Latest CHI+MED news
24 June 2014 - Ann Blandford giving a 'Cosy Science' talk in London
Ann will be talking about avoiding mistakes and staying safe, using examples from healthcare, transport and rock climbing. 7pm, 24 June at Cittie of Yorke pub in Holborn (more information here).
12 June 2014 - Competition winners announced
Earlier this year we ran a competition for student designers to create some digital 'persuasive games' as part of the Errordiary project, to get players thinking a little more about error and blame culture. We've announced the winners - congratulations to Nurse's Dilemma and St. Error Hospital (more on the chi+med blog).
Happening now: May - September 2014
Have high blood pressure? Live in Swansea? Come to a series of workshops and help develop a prototype health app, more info on the blog...
Free magazine - the CHI+MED issue 'Machines making medicine safer'
We've teamed up with cs4fn to produce a special magazine issue, for school children and their teachers, that looks at the role computer scientists and other researchers on the CHI+MED project play in making medical devices safer. More information from this post...
Welcome to the CHI+MED project
CHI+MED (Computer-Human Interaction for Medical Devices, EP/G059063/1) is an EPSRC-funded project to improve the safety of interactive (programmable) medical devices, such as infusion pumps. By understanding more about device design and human factors, medical errors can be reduced thus saving lives.
Our goal is to learn more about medical devices and how people design, buy and use them in the real world. From this understanding we will investigate how to reduce the likelihood and consequences of human error. We are working with patients and their carers, nurses and other medical practitioners, manufacturers who create medical devices, NHS staff who purchase them and regulatory bodies who oversee patient safety.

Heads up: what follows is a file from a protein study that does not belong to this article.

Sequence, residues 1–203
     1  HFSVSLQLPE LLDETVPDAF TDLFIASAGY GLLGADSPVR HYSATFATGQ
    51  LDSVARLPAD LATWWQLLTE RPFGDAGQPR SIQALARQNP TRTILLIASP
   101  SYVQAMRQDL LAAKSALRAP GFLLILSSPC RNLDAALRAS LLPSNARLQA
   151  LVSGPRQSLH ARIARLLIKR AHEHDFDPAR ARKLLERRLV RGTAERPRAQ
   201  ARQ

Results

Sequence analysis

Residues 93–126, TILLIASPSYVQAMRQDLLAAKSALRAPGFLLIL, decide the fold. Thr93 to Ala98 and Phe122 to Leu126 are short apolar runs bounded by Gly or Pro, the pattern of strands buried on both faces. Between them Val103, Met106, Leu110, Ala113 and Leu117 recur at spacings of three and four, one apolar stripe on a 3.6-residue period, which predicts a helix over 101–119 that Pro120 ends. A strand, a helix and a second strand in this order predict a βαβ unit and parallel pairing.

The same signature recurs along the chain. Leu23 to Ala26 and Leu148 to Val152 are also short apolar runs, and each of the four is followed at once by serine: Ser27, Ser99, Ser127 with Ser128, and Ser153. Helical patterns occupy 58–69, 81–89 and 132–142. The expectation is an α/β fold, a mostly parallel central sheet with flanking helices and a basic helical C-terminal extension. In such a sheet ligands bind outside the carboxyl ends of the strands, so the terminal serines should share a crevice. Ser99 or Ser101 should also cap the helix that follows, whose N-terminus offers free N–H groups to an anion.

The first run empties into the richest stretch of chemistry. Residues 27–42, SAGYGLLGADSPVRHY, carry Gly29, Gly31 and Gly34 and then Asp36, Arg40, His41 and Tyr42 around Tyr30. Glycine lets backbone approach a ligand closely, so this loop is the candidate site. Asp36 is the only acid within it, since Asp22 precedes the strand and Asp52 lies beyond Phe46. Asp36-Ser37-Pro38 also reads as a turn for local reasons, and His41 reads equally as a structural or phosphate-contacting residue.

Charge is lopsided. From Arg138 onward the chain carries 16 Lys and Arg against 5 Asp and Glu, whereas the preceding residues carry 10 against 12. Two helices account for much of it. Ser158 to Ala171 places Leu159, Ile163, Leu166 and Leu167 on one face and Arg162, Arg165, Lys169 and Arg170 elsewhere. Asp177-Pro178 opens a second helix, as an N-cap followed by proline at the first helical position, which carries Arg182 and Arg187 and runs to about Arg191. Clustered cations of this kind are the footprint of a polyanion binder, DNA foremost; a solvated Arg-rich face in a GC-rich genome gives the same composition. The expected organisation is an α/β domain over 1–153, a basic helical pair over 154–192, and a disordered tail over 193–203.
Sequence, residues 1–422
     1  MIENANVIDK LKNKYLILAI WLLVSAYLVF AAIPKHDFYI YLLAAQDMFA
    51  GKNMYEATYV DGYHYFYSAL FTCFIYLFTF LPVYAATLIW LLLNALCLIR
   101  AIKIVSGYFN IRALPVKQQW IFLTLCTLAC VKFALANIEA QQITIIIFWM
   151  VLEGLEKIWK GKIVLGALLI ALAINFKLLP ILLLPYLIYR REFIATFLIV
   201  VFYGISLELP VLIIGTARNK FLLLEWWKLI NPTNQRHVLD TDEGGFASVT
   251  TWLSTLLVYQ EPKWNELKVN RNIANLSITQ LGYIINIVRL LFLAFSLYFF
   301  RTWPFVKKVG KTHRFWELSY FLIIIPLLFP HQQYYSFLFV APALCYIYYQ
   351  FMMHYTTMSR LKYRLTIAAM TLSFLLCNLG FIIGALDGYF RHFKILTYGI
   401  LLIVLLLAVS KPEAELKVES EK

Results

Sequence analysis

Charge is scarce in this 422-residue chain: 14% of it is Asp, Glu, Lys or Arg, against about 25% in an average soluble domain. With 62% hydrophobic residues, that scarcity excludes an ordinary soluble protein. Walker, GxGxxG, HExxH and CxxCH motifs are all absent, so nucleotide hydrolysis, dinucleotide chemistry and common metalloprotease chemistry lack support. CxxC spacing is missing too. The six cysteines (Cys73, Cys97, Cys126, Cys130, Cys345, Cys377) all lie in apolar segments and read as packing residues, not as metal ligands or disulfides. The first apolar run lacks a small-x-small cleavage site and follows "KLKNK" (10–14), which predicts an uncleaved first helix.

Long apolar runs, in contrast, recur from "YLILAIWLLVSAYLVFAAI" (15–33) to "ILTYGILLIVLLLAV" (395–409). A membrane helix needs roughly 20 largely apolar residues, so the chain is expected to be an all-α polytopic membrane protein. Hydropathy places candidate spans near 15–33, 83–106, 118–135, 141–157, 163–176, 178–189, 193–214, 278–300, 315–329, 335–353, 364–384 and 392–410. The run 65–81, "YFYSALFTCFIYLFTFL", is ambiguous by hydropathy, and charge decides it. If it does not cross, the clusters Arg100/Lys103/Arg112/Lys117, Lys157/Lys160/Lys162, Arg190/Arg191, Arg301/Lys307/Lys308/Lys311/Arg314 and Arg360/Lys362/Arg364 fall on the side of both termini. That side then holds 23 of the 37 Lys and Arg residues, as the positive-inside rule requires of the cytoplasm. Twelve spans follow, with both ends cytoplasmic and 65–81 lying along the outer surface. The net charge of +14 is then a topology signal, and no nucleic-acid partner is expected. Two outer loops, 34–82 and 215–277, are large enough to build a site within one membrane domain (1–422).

Throughout our six year programme we will be working with a wide variety of people who are linked by interactive medical devices which deliver essential medication.
Our work blends computer science, cognitive psychology and medicine. We are investigating how devices are designed with a focus on how users have to program them, what can happen when erroneous inputs are given and how new technology can help. We are running laboratory-based experiments to understand the causes of human error and how they can be prevented. We are examining how people perform tasks in real-world situations, for example what happens when a busy nurse is called away in the middle of setting up an infusion pump? How likely are they to make a mistake when they return to complete the task?
We are also exploring interventions that can help manufacturers, clinicians, procurement staff and patients to help reduce the potential human error. Based on the understanding gained from these separate strands we are developing analysis tools based on mathematical models of devices, human behaviour and of the wider situation to help predict where problems will occur. We are also exploring interventions that can help manufacturers, clinicians, procurement staff and patients to help reduce the potential consequences of human error.
In drawing these strands together our research will answer the question 'how can we make medical devices safer in practice?'